What defines a blog is a matter of opinion, but in my mind the basic element of a blog is a stream of posts that are usually presented with the newest one first. This reflects the very first blogs that were really online journals.
What makes a blog a part of “Web 2.0” or an interactive social-media site is the comments. Blogs without comments are still blogs, but they aren’t part of the social media landscape since there’s no way to interact with them.
But blogs have evolved quite a bit since their beginnings, and can now be the center of a multifaceted web presence with sophisticated content management and e-commerce capabilities.
How you set up your blog, the size and number of your columns, the specifications for your type fonts and headings and emphasis settings are all part of the infrastructure of your blog. All together its the bits and pieces, many of them behind the scenes, that make your blog “go.” Let’s make a list:
- Platform—This blog runs on software from WordPress.org. You can also blog on Blogger, Tumblr, Posterous, TypePad and numerous other platforms. I like WordPress because it’s widely used and supported, it’s open source and freely shared, and it’s easy to find resources from training to technical help.
- Header—The area at the top of your blog. On most blogs this is going to be used for a logo, the title of the blog, and where the visual branding is strongest.
- Text column—The main text display area, usually somewhere in the middle of the screen. You can set the width of this on lots of blog software, but keep in mind that the length of your text line has a crucial impact on overall readability. The optimum will show about 10 words per line.
- Sidebars—These are the narrower columns next to your main text column. You can have no sidebars, one or two or three sidebars, really it’s up to you and the limits of your software. Sidebars also hold more infrastructure items likes widgets.
- Posts and Pages—Many blogs, including WordPress blogs like TheBookDesigner can contain both pages and posts. These are handled quite differently by the blog software.
- Pages—These are fixed pages like those you will find on any website. They have a place in the hierarchy of your pages and subpages. Being able to create both posts and pages gives you the ability to create a hybrid site that contains both your sequential, dated articles (posts) and your fixed articles or other content (pages). For instance, most blogs contain an “About” page, and that is a fixed page of content.
A separate type of page is one created on demand by your blog, which is really a content management system. What does that mean? All your posts are stored in a central database, and can be shown on screen in response to different choices a reader makes. For instance, if you use categories to organize your posts, a reader can click the name of the category and your blog software will create a page that displays the most recent posts in that category, with the rest just a click away. These on-the-fly pages are also created by clicking on a tag, or by doing a search for some specific word or phrase. Clicking the headline of any article will create another type of page, the single post page, that shows the entire article and nothing else.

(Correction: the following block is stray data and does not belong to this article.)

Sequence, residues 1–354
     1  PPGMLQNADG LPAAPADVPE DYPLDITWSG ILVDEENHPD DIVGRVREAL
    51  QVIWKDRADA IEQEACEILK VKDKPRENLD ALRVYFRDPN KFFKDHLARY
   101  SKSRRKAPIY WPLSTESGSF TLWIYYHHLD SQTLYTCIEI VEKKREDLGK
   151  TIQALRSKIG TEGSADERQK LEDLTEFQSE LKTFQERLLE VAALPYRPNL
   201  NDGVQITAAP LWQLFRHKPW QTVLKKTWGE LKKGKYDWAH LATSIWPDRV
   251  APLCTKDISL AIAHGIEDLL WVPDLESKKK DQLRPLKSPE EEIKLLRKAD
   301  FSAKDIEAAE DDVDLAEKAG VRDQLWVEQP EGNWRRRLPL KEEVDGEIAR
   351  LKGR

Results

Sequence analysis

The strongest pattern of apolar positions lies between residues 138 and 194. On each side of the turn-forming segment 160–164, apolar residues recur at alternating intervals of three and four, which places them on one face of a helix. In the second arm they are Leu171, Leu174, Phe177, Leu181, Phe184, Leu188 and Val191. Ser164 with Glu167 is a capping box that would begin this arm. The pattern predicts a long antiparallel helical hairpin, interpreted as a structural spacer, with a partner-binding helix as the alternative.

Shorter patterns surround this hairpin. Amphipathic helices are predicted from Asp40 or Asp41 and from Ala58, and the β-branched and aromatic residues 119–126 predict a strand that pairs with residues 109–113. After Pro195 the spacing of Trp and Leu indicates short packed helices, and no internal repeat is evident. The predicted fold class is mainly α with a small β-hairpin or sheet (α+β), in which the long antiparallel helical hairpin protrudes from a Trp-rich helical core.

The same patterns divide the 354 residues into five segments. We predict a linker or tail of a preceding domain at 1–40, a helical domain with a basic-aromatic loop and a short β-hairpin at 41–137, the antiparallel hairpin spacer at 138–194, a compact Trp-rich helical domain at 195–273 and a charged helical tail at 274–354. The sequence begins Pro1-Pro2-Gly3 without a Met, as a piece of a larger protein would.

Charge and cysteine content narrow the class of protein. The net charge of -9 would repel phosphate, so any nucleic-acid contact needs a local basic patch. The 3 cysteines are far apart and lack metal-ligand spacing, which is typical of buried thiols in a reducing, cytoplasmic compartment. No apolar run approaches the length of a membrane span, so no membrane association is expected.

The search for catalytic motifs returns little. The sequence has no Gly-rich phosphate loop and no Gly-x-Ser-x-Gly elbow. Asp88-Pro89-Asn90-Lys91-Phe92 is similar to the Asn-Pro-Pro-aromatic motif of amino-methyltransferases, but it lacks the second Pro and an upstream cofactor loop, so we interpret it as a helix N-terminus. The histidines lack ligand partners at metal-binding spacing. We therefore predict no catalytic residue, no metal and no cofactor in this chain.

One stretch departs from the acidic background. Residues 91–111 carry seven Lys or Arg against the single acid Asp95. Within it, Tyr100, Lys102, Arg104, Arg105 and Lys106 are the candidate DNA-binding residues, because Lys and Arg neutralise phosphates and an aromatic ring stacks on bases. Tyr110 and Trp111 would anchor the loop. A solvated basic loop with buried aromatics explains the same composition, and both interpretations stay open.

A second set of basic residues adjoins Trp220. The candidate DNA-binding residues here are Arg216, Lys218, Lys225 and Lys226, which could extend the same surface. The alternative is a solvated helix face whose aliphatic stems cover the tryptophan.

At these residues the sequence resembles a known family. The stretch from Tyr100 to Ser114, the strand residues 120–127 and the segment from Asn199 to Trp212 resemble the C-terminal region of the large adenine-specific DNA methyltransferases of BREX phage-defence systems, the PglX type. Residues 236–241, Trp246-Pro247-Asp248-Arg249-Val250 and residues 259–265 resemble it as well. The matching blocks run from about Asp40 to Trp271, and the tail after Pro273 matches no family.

There are many kinds of pages that can be included in your blog.
- Informational pages, like those that describe your services or link to other resources in your field.
- Sales pages, for displaying one or many products for sale directly from your site.
- E-commerce pages, where you sell a whole selection of goods, like an Amazon page of books and products you recommend.
- Landing pages, often used in internet marketing to focus attention on one specific action the reader is supposed to take. These are often stripped of page navigation and sidebars. When the design of the page leaves only the option of taking the action or leaving the page, they are called “squeeze” pages.
- Opt-in pages are a special type of landing page used solely to allow a reader to sign up for a product, a service or some special offer.
Parent/child themes like Genesis create another level of software run by the parent theme that adds functionality to the blog, and also allows you to swap out child themes to change the look and feel of the site. When you get started, it’s fine to stick to a free theme. Just add a header to personalize it and start publishing, there will be plenty of time for all these other improvements later.
It’s important to know the parts of your blog. It will save you a lot of time when you first get started just trying to figure everything out.
Photo by binaryape